12. Teens Spend More Time on YouTube than on TikTok

In spite of its growing usage, TikTok hasn’t yet managed to surpass YouTube when it comes to engaging a teenage audience. According to a survey by the Pew Research Center, 95% of teenagers in the U.S. say that they use YouTube, which makes it the most used platform among this age group. TikTok comes second with 67% saying that they use the platform.

Instagram is another popular choice among teenagers, with 62% saying that they use the platform. Since the survey was last performed in 2014-2015, the usage has grown significantly from 52%. On the other hand, Facebook usage has drastically dropped from 71% to just 32% of teenagers now using it.

13. Some Teenagers Use YouTube Almost Constantly

YouTube’s popularity among a teenage audience is not just in terms of the number of users. In fact, the same survey by Pew revealed that one out of five teenagers were using the platform almost constantly. That translates to about 19% of teens spending a huge amount of time on the platform, which speaks volumes about its addictiveness.

Meanwhile, 16% of U.S. teens also use TikTok almost constantly. Judging from these two numbers alone, it’s safe to assume that teenagers are being pulled to social media platforms using video content. The desire to find mental stimulation through videos may be the main reason why teens are so addicted to social media.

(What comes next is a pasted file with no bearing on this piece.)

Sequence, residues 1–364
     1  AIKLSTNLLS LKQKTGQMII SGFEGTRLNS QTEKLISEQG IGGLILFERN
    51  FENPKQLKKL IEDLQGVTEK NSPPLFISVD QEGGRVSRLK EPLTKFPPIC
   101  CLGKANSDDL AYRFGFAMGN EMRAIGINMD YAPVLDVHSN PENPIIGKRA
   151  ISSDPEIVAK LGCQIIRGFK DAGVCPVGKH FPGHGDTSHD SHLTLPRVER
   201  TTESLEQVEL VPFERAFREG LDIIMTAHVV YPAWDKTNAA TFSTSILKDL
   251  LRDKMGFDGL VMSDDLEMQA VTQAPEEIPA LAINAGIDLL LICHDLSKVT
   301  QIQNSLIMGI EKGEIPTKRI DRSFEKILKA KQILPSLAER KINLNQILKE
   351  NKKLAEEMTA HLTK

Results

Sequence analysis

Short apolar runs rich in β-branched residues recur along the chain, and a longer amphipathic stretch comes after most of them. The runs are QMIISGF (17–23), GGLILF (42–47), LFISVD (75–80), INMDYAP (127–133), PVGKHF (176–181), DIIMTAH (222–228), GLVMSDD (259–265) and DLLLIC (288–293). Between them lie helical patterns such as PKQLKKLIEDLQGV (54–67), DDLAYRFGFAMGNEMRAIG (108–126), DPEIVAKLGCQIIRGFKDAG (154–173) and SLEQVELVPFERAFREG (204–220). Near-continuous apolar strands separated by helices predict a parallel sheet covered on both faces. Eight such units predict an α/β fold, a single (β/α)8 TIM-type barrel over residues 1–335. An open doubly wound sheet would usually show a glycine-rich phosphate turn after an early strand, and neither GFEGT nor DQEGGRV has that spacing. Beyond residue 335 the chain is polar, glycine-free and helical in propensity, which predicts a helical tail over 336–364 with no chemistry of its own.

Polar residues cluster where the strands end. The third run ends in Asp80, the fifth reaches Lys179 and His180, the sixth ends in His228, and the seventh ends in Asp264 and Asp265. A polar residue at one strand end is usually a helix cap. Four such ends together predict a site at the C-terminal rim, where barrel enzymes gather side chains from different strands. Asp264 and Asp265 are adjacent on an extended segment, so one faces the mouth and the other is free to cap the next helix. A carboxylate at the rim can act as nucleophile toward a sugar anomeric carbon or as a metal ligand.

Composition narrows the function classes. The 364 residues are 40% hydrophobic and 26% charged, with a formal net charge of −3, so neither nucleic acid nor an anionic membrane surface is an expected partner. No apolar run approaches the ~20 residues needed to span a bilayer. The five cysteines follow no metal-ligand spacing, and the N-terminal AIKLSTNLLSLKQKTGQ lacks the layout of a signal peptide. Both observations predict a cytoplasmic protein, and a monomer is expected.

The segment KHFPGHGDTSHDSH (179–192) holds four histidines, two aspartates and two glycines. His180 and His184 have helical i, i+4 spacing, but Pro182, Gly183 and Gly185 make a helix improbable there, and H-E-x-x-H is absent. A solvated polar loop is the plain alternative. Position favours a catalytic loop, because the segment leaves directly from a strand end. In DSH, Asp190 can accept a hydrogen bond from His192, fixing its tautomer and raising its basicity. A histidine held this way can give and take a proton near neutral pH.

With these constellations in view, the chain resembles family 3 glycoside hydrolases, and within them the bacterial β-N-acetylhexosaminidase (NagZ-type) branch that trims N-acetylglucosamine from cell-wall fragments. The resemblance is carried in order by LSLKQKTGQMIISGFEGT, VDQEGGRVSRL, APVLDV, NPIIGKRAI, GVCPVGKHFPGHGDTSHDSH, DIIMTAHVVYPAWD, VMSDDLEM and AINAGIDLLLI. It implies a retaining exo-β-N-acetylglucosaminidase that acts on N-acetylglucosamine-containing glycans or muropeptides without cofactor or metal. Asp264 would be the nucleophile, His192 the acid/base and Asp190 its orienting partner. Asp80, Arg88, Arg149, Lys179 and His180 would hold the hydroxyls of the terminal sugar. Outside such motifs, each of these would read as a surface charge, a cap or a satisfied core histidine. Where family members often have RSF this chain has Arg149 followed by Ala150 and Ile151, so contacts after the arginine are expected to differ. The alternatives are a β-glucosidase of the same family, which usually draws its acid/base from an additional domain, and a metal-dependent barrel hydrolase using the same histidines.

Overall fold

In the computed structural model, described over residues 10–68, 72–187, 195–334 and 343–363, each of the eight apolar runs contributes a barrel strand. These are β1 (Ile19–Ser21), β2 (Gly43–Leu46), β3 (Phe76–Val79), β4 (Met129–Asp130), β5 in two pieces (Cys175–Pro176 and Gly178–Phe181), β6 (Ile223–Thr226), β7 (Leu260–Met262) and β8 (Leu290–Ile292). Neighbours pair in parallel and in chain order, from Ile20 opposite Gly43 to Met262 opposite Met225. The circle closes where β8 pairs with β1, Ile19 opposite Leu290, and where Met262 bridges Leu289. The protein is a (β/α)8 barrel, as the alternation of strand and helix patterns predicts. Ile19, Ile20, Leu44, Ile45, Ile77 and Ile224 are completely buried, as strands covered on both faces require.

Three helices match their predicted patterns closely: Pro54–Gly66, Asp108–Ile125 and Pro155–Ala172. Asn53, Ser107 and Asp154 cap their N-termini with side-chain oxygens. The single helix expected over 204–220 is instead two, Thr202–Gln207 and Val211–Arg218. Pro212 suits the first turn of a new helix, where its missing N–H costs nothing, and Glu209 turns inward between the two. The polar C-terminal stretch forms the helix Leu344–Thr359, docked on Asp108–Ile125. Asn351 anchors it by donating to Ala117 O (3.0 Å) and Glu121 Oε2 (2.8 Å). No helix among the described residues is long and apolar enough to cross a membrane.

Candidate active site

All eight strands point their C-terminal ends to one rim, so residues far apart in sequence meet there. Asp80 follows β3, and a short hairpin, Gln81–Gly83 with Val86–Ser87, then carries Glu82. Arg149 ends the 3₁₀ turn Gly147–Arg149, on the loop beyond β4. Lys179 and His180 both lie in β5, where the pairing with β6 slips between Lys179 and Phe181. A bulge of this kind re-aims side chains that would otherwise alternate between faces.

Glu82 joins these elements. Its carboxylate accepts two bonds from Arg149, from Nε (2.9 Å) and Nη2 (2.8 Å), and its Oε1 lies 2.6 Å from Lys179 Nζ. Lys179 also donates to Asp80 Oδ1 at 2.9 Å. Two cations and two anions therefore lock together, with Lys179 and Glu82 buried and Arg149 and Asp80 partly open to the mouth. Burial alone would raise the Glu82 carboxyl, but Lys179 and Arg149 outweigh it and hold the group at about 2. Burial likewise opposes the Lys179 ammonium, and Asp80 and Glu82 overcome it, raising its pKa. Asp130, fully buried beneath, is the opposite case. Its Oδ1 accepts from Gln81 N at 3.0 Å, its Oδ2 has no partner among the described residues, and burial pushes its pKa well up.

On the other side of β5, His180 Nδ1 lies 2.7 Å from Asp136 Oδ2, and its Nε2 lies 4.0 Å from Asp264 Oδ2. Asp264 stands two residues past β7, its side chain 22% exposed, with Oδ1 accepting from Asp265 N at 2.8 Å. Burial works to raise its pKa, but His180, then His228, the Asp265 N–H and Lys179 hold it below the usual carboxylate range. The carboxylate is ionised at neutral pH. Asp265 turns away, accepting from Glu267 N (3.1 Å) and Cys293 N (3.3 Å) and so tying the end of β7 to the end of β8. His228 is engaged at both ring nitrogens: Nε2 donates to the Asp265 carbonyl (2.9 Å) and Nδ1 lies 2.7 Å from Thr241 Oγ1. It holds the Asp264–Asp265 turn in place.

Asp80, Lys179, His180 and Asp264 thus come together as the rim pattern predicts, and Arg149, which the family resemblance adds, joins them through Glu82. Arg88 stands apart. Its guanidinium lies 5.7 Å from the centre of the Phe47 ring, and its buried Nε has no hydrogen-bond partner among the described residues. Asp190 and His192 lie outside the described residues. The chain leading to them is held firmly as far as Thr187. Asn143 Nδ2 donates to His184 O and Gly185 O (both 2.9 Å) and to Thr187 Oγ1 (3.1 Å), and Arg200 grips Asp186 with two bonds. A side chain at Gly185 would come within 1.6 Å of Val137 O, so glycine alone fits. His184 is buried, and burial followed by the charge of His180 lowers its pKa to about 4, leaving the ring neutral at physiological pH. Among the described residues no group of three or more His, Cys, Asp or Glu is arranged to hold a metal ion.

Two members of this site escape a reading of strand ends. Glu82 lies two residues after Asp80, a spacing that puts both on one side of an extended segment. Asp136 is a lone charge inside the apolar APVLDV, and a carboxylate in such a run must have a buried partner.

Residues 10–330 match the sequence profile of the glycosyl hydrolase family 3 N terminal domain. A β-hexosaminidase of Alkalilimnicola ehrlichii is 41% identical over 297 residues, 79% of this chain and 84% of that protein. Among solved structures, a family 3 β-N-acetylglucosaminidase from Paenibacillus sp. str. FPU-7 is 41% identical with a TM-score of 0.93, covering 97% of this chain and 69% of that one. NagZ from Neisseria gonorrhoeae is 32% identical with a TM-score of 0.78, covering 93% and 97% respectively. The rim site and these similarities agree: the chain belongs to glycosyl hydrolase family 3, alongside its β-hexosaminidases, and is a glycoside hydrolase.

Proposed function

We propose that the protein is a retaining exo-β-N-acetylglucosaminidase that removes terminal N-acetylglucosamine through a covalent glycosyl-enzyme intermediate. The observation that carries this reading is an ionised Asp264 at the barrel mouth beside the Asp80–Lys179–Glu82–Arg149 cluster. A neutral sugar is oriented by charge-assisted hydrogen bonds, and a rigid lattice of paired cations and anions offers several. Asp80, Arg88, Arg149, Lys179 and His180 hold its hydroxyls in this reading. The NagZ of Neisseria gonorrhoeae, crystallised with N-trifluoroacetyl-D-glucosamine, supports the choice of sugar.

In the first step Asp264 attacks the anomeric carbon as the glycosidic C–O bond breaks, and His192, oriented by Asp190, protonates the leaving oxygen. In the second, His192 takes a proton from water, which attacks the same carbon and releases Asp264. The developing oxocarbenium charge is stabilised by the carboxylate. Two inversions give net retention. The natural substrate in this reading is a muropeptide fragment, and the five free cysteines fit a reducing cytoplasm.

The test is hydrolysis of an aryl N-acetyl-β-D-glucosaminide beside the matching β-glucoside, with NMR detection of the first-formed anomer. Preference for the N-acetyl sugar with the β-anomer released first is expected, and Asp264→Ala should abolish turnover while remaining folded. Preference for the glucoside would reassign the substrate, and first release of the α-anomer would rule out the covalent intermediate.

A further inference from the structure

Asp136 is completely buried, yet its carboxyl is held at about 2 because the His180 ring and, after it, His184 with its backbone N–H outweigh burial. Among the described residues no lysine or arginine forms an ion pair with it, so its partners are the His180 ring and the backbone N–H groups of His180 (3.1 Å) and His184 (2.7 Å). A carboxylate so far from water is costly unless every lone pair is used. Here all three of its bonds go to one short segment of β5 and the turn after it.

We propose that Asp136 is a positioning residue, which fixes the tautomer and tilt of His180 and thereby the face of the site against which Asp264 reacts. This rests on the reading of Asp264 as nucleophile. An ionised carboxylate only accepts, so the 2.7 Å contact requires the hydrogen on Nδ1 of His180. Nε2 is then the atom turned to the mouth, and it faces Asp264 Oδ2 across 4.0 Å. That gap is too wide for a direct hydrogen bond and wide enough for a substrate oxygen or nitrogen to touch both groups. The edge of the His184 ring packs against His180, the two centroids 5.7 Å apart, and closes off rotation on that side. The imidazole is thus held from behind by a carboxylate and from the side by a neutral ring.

14. 36% of Teens Agree They Spend Too Much Time on Social Media

You might be surprised that some teens are pretty self-aware of their excessive social media use. Only 8% of teens in the survey felt that they were spending too little time on these platforms. Meanwhile, 38% agree that they’re spending too much time on social media. A majority (55%) believe that they’re spending just the right amount of time using social media.

Teens Self-Awareness of Social Media Use

As alarming as the social media addiction stats may be, these numbers make things a little more hopeful. Correcting behavior requires acknowledgment, so if these teens are recognizing their addiction to social media, it could eventually compel them to make an active effort in reducing their time spent on social.

15. A Majority of Teens Would Find It Difficult to Give Up Social Media

That said, not many teens are mentally ready to give up social media entirely. According to the Pew Research Center survey, 54% of teens in the survey said that it would be at least somewhat hard to give up social media. About 18% even said that they would find it very hard to give up social media.

Interestingly, it’s older teens that seem to be more addicted as 58% of those aged between 15 and 17 said it would be at least somewhat difficult to give up social media. Meanwhile, about 48% of those aged between 13 and 14 would find it difficult.

16. Young Adults Experience Sleep Issues Due to Social Media

The rampant social media use is bound to have a negative impact on other areas of life beyond mental health. This is true for young adults aged between 18 and 24 years, who report having sleep issues as a result of social media use.